In their proposals reflected in the draft text after the first Preparatory Committee meeting in January, LDCs, the EU, and CANZ call for duty- and quota-free access for all products from all LDCs in line with the Hong Kong Ministerial Declaration (Australia and New Zealand offer unrestricted access to all LDC exports; Canada does to nearly all). In contrast, Japan commits itself simply to “make the best effort” to provide such access. The US, for its part, did not mention duty- and quota-free market access in its proposals. Developing countries, which were mandated by the Hong Kong declaration to provide similar access to LDCs if they deemed themselves in a position to do so, are yet to table any proposals on the subject in the UNLDC negotiations.
With regards to Aid for Trade, LDCs have been calling for a significant increase in aid to enhance their trade competitiveness. They want this increase, intended to remedy their infrastructure bottlenecks and other supply side constraints, to go beyond already-planned flows of Official Development Assistance (ODA). Thus far, the draft text for Istanbul does not reflect this request for additionality in Aid for Trade funding. CANZ suggested implementing AfT in a manner consistent with donor commitments and recipient needs; the EU emphasised that AfT should be given more consideration in recipients’ own national planning. The EU called for exploring why AfT flows to LDCs are lower than those to other countries, and proposed changing this in favour of LDCs. Japan’s proposal, for its part, said that maximum use should be made of Aid for Trade “to mainstream trade activities driven by the private sector.” The US proposal did not mention AfT or so-called ‘additionality’ beyond planned ODA.
Regional integration, including ‘South-South’ cooperation among developing and least-developed countries, was only marginally mentioned in the recent draft. The US and EU texts mentioned the importance and benefits trade with developing countries could bring to LDCs. With regards to the long-struggling Doha Round of multilateral trade talks at the WTO, both said that a swift conclusion would foster development for LDCs.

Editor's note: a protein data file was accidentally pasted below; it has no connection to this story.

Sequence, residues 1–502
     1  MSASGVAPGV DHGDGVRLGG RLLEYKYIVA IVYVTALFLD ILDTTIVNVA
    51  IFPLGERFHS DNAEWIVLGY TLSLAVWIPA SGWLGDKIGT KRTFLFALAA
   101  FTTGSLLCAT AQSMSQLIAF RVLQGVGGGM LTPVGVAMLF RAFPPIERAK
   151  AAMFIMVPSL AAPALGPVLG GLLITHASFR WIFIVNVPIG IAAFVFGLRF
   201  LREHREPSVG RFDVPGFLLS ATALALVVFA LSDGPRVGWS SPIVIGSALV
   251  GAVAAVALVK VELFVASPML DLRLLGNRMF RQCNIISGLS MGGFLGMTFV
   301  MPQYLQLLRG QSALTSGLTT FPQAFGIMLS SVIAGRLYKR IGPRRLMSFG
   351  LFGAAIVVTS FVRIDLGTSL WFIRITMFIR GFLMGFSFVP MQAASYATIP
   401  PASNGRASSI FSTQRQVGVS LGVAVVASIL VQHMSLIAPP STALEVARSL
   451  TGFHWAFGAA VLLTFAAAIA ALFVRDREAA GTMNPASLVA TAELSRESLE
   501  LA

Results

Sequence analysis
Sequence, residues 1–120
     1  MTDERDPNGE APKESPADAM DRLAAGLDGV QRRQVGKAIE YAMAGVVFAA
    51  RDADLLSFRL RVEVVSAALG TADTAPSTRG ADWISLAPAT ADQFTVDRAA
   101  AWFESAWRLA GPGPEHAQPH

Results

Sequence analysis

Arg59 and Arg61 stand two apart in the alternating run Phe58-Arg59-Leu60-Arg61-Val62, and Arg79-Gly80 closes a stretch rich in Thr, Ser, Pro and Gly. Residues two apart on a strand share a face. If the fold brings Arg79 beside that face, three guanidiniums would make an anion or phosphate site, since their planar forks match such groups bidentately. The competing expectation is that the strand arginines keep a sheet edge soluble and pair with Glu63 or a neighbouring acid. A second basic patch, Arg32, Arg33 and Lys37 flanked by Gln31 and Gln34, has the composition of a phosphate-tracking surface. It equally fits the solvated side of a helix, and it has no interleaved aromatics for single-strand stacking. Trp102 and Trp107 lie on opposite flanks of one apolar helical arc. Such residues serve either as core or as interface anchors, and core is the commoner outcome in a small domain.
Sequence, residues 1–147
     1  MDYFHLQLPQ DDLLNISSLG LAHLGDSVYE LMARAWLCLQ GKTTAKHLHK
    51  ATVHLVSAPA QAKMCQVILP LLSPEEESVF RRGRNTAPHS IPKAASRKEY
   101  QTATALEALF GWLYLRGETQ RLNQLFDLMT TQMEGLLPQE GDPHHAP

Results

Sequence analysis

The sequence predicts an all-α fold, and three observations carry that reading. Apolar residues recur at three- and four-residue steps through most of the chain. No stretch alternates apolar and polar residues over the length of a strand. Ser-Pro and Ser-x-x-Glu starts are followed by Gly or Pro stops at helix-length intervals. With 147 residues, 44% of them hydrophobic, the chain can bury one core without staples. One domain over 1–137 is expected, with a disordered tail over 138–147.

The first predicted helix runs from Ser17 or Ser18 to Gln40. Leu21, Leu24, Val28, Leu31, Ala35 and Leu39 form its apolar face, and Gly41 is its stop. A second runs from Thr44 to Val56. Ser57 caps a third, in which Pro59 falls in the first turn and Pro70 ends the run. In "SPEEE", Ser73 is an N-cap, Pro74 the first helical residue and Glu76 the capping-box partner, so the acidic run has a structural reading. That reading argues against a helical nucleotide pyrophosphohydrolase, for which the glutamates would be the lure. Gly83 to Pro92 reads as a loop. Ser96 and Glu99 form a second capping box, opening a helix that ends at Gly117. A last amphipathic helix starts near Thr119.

In addition, the draft text calls for LDC services suppliers to be granted more favourable market access. Such preferential access is currently the subject of a ‘waiver’ being negotiated at the WTO. Other subjects covered by the Istanbul draft text include rules of origin, which it says should be simple, transparent, harmonised, and predictable for all LDC products and services. The EU suggested that the G-20 group of leading economies could play a strong role in providing greater market access for LDCs along with simpler and more development friendly rules of origin.
LDC delegates said that the new text so far provides little hope for major improvements upon the Brussels Program of Action (BPoA). One delegate mentioned that the Brussels plan as such was good, but it lacked monitoring and evaluation mechanisms. This need was yet to be reflected in the new text, prompting concern among some LDC officials. With regards to trade, said one, “what is really needed is a Hong Kong-plus agreement”, since the Istanbul text will probably set the development agendas for LDCs for the next 10 years.
Divisions over the draft text suggest that intensive negotiations will be necessary if governments are to agree on a new development strategy for LDCs in time for the conference in Istanbul. The next meeting of the Intergovernmental Preparatory Committee will be held in New York, 4-8 April.
“The ideas are there, but its implementation into action is missing so far.” said one LDC delegate.